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South Korea commits $35B toward electric vehicle batteries

South Korea commits $35B toward electric vehicle batteries
South Korean President Moon Jae-in speaks at an LG Energy Solution plant in the city of Cheongju Thursday. Photo by Yonhap/EPA-EFE

July 8 (UPI) -- South Korea launched an ambitious plan Thursday to become the world's leading maker of electric vehicle batteries by 2030 by investing as much as $35 billion to incentivize innovation in the industry.

President Moon Jae-in said Thursday at LG Energy Solution Co.'s plant in Cheongju, North Chungcheong Province, that Seoul stands firmly behind local battery manufacturers who compete in a market that has doubled in size in the past five years, Newsis reported.

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"The key to carbon neutrality lies in batteries," Moon said. "The development of battery technology, which will be the core of future transportation, including electric vehicles, is a key driving force that will transform the Korean economy."

Moon said that by 2030 the market is expected to reach $350 billion, or eight times the current market size.

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The global battery market "presents a great opportunity and a challenge at the same time," he added. Moon said battery development would be integral to Korea's technology strategy "along with semiconductors and vaccines."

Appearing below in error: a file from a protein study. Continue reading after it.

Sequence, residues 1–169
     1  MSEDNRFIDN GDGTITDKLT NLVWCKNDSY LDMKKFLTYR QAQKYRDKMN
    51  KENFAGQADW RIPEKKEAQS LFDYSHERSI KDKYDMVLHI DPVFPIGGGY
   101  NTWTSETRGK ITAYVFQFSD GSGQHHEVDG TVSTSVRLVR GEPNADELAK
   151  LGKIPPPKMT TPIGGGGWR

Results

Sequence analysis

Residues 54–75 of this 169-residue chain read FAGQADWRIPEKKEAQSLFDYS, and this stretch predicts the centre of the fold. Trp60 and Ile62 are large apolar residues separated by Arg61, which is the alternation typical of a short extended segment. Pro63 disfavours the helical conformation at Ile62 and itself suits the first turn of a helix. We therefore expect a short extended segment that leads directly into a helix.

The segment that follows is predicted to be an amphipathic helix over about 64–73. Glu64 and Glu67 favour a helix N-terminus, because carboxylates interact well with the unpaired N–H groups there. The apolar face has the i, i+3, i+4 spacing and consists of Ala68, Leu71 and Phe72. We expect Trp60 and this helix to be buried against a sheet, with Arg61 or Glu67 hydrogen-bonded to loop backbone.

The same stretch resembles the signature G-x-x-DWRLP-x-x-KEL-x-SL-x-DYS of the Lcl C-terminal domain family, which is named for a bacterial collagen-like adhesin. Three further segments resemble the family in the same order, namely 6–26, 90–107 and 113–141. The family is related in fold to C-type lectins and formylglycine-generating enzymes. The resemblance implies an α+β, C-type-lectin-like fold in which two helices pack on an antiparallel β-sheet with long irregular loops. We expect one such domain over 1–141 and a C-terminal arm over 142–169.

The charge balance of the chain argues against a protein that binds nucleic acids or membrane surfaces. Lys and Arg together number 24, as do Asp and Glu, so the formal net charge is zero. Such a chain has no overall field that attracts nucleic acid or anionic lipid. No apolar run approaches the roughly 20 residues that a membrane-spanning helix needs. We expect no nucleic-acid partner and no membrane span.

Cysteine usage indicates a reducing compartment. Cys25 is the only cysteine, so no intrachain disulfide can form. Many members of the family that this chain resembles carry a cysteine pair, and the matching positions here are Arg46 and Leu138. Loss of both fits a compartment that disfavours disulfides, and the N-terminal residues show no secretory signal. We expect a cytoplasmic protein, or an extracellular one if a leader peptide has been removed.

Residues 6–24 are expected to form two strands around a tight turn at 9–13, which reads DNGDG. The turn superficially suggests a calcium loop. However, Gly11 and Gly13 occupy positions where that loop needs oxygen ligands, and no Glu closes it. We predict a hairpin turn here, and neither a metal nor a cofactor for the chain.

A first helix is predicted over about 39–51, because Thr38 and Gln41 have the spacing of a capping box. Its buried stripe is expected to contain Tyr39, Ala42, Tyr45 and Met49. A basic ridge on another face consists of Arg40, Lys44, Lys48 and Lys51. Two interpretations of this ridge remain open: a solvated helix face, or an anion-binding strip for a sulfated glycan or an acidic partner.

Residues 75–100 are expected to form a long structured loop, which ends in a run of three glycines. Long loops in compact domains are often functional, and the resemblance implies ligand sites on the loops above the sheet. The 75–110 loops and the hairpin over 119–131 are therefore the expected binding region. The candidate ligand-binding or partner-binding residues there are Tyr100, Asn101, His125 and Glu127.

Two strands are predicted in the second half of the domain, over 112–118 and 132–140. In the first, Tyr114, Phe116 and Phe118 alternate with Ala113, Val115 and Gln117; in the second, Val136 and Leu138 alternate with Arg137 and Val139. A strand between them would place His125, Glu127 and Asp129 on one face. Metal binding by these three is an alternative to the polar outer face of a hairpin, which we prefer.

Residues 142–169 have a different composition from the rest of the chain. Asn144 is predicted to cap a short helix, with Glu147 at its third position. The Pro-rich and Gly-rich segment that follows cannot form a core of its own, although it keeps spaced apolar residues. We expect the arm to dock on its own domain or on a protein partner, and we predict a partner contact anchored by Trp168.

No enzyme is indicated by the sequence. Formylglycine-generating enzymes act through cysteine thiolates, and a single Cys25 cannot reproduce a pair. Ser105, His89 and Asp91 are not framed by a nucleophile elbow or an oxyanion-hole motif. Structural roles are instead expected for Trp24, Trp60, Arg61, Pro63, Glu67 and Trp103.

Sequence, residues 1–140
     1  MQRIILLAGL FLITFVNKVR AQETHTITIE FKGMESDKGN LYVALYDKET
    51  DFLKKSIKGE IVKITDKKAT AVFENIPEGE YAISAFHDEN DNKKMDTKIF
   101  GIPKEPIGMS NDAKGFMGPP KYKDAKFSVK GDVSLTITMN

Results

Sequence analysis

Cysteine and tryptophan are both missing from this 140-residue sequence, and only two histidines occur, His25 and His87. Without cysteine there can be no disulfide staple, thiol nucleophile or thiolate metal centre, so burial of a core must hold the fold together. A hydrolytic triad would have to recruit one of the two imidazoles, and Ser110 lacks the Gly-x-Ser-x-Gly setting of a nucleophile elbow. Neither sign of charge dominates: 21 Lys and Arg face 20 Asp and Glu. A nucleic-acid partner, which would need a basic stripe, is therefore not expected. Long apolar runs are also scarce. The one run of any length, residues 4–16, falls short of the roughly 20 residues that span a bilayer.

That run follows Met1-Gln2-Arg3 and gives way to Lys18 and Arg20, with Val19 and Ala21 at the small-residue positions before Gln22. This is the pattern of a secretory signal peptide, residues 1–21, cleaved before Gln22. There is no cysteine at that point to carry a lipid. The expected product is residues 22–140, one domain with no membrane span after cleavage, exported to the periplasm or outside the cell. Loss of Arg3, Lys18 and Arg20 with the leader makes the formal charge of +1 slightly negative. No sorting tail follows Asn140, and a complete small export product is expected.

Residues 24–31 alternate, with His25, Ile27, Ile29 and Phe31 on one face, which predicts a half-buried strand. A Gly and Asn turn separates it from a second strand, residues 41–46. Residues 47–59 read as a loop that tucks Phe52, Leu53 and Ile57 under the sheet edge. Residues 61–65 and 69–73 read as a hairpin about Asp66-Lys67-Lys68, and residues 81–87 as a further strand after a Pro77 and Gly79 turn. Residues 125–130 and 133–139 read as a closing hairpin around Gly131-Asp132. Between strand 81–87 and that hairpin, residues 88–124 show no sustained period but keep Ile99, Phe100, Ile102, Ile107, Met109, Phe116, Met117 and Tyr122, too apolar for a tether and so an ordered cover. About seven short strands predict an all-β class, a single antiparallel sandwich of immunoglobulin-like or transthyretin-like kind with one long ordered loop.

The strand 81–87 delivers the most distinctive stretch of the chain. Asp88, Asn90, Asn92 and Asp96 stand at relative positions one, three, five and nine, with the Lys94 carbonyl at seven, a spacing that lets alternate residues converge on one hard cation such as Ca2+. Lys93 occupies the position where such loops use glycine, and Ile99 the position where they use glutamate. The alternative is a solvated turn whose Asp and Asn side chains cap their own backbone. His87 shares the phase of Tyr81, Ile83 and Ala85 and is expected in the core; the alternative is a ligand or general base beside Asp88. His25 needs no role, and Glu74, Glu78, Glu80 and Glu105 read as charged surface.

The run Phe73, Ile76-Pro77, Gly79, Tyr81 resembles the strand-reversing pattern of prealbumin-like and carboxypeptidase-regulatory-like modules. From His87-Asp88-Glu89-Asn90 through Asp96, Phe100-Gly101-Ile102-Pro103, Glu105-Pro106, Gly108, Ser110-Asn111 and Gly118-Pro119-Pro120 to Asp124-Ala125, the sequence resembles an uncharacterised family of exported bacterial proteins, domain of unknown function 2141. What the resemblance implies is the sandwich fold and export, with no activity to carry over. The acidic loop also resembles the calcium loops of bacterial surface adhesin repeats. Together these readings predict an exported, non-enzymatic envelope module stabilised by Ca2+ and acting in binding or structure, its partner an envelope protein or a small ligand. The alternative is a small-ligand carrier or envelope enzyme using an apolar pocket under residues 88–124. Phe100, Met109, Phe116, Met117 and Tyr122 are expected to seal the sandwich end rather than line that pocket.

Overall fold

The South Korean leader also said that research and development investments could access up to a 50% deduction on taxes. About $435 million will go toward supporting large-scale R&D projects focused on "next-generation batteries," according to Moon.

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A mix of public and private capital reserves will be consolidated to create an 80 billion won or $70 million fund to support the industry, Korea Economic Daily reported Thursday. The fund will be invested in R&D support for small and medium-sized battery makers, the report said.

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South Korea is facing stiff competition from China in the battery market. The two countries each control about 40% of market share, according to the Korea Herald on Thursday. Chinese and Japanese firms largely monopolize key materials for battery making, the report said.

Moon has pursued a policy of reducing carbon emissions under Seoul's "Green New Deal," a nod to U.S. policy proposals of the same name. South Korea's Green New Deal has set a target of 1.13 million electric vehicles and 200,000 hydrogen-powered fuel-cell electric vehicles on Korean roads by 2025.

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